Your partner engineer will need remote access, if possible, to check on the progress of the installation. First, the engineer will check if the agents are reporting successfully back to the Liquidware appliances. During the month, the engineer will make sure agents are reporting and data can be extracted from the appliance.

In the middle of the assessment, engineer will do a so-called “normalization” of the data. That is to make sure the results are compatible with rules of thumb for analysis. If necessary, the engineer will readjust thresholds and recalculate the data back to the beginning.

At the end of 30 days, the engineer will generate a machine-made report on the overall performance metrics, and will present the report to you.

At some partners, for an extra service price, the engineer will go further, and will analyze the report for the amount and performance parameters of hardware you need. In addition, the engineer will create a written report and present all the data to you.

In either case, you will know which desktops have the best score for virtualization, and which ones you should not virtualize. If you go with more advanced report services from your partner, then you will also understand how to map the results to hardware and further insights.

One way of mitigating bad VDI sizings is to also use a load simulation tool like LoginVSI. However, LoginVSI is only useful for clients who can afford to buy similar equipment for the lab that they will buy for production. Using LoginVSI, you can test robotic (fake) users doing tasks that normal users will do in VDI. LoginVSI allows you to have a ballpark hardware number that is good. However, the LoginVSI number does not have real user experience data. For that, you need tools like Liquidware FIT and associated work to determine proper VDI strategy.

Understanding what your current user experience is, and also how that experience could be accommodated with virtual desktops is essential to VDI. You should do this assessment before buying your hardware. Doing an assessment ensures that your users get the same experience or better on the virtual desktop as they have on the physical desktop (the holy grail of VDI).

Assessing your Infrastructure for VDI with real data – Part 1 of 2 – History

It is now a common rule of thumb that when you are building Virtual Server Infrastructure (VSI), you must assess your physical environment with analysis tools. The analysis tools show you how to fit your physical workloads onto virtual machines and hosts.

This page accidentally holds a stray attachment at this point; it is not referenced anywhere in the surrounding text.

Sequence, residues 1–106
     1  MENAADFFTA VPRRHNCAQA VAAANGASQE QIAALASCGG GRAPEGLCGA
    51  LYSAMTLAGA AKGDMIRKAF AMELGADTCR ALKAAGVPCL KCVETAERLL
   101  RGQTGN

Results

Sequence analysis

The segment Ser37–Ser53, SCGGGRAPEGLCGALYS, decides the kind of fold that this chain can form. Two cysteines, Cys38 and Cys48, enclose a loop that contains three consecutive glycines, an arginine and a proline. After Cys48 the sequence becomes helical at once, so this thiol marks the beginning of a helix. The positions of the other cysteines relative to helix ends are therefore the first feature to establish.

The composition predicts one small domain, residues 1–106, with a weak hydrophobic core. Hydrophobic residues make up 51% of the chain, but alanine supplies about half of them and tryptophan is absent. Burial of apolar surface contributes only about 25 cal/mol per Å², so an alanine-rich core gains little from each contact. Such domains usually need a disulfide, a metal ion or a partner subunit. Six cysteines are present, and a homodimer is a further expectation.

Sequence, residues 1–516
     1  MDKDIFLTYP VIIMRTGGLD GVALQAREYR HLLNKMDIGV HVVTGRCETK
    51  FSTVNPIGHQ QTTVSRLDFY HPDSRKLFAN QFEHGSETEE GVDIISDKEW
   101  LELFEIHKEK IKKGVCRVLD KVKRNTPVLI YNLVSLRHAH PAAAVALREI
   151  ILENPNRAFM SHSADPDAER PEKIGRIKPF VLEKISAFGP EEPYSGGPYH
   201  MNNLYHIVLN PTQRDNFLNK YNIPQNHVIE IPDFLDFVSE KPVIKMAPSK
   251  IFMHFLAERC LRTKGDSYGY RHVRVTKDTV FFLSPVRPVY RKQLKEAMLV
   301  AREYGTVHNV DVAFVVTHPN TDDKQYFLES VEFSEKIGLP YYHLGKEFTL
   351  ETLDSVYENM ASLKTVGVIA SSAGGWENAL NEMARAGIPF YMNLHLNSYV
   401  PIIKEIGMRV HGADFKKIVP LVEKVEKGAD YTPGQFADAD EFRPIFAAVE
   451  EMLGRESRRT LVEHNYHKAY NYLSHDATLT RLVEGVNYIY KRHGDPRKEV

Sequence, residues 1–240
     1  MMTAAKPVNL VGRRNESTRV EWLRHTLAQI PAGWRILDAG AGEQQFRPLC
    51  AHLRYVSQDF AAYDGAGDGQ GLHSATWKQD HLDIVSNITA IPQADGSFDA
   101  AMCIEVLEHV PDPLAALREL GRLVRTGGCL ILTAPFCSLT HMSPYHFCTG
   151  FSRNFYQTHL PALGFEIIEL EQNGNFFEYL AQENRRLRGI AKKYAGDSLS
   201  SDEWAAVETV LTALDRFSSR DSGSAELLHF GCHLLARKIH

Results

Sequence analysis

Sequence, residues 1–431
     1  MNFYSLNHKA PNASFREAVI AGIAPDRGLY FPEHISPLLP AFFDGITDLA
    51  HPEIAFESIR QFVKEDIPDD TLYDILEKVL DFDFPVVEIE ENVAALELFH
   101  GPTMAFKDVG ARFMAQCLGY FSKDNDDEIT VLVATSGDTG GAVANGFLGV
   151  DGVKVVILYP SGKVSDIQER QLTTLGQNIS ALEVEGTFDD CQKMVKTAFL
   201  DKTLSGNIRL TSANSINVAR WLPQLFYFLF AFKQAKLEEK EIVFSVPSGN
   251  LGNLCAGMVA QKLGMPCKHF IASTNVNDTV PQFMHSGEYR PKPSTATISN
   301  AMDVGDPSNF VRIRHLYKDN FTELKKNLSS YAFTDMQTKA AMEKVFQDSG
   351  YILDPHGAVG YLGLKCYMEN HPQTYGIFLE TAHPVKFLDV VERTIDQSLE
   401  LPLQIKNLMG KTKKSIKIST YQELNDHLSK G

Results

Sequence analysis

The golden standard in analysis tools is VMware’s Capacity Planner. Capacity Planner used to be made by a company called AOG. AOG was analyzing not just for physical to virtual migrations, but was doing overall performance analysis of different aspects of the system. AOG was one of the first agentless data collections tools. Agentless was better because you did not have to touch each system in a drastic way, there was less chance of drivers going bad or performance impact to the target system.

Thus, AOG partnered with HP and other manufacturers, and was doing free assessments for their customers, while getting paid by the manufacturer on the backend. AOG tried to sell itself to HP, but HP, stupidly, did not buy AOG. Suddenly, VMware came from nowhere and snapped up AOG. VMware at the time needed an analysis tool to help customers migrate to the virtual infrastructure faster.

When VMware bought AOG, VMware dropped AOG’s other analysis business, and made AOG a free tool for partners to analyze migrations to the virtual infrastructure. It was a shame, because AOG’s tool, renamed to Capacity Planner, was really good. Capacity Planner relies solely on Windows Management Instrumentation (WMI) functions that is already built into Windows and is collecting information all the time. Normally, WMI discards information like performance, unless it is collected somewhere by choice. Capacity Planner just enabled that choice, and collected WMI performance and configuration data from each physical machine.

When VMware entered the Virtual Desktop Infrastructure (VDI) business with Horizon View, it lacked major pieces in the VDI ecosphere. One of the pieces was profile management, another piece was planning and analysis, another piece was monitoring. Immediately, numerous companies sprang to life to help VMware fill the need. Liquidware Labs (where the founder worked for VMware) was the first to come up with a robust planning and analysis tool in Stratusphere FIT, then with monitoring tool in Stratusphere UX. Lakeside SysTrack came on the scene. VMware used both internally, although the preference was for Liquidware.